Skip to comments.(HUMOR) Hail to the Air Force - Trash Haulers Have Fun Too. A C130 Herky Bird Over Baghdad.
Posted on 06/01/2004 7:20:00 PM PDT by Happy2BMe
There I was at six thousand feet over central Iraq, two hundred eighty knots and we're dropping faster than Paris Hilton's panties. It's a typical September evening in the Persian Gulf; hotter than a rectal thermometer and I'm sweating like a priest at a Cub Scout meeting.
But that's neither here nor there. The night is moonless over Baghdad tonight, and blacker than a Steven King novel. But it's 2004, folks, and I'm sporting the latest in night-combat technology. Namely, hand-me-down night vision goggles (NVGs) thrown out by the fighter boys.
Additionally, my 1962 Lockheed C-130E Hercules is equipped with an obsolete, yet, semi-effective missile warning system (MWS). The MWS conveniently makes a nice soothing tone in your headset just before the missile explodes into your airplane. Who says you can't polish a turd? At any rate, the NVGs are illuminating Baghdad International Airport like the Las Vegas Strip during a Mike Tyson fight. These NVGs are the cat's arse. But I've digressed.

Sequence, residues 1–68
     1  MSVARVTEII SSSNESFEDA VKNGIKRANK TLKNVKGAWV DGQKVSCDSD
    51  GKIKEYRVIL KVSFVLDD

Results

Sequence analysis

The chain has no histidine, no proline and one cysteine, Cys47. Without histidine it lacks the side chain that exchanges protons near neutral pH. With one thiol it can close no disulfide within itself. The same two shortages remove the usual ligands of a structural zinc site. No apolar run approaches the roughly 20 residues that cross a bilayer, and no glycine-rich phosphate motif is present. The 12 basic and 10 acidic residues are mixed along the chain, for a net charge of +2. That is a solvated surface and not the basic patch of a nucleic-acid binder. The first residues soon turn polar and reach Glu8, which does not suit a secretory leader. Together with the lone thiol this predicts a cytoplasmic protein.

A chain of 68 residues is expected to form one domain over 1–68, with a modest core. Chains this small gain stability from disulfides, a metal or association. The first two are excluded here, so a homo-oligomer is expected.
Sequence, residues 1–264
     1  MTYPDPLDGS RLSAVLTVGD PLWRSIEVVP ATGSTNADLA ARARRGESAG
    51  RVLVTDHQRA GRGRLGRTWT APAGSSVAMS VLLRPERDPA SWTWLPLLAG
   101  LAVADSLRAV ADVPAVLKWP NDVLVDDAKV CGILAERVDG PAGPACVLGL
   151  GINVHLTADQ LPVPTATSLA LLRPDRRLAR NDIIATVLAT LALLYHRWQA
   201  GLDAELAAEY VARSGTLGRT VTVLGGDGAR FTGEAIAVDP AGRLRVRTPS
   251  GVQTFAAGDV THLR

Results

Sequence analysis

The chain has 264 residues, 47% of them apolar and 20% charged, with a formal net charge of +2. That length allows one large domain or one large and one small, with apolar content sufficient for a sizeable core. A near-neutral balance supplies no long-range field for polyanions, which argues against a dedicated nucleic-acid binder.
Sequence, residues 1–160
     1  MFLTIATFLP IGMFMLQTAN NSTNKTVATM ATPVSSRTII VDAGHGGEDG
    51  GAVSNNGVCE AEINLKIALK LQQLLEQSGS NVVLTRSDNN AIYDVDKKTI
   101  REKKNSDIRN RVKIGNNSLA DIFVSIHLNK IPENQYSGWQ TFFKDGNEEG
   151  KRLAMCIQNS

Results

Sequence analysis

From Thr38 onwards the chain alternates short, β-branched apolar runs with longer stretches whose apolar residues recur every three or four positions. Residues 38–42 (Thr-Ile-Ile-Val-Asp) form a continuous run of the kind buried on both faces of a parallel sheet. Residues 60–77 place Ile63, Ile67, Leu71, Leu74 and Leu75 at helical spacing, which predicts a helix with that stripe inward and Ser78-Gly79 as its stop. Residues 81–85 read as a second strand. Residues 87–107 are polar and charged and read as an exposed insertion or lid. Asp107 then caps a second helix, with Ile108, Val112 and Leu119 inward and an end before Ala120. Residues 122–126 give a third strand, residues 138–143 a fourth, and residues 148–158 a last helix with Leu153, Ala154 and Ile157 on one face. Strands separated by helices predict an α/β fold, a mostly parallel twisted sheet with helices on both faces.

The preferred method of approach tonight is the random shallow. This tactical maneuver allows the pilot to ingress the landing zone in an unpredictable manner, thus exploiting the supposedly secured perimeter of the airfield in an attempt to avoid enemy surface-to-air-missiles and small arms fire. Personally, I wouldn't bet my pink arse on that theory but the approach is fun as hell and that's the real reason we fly it.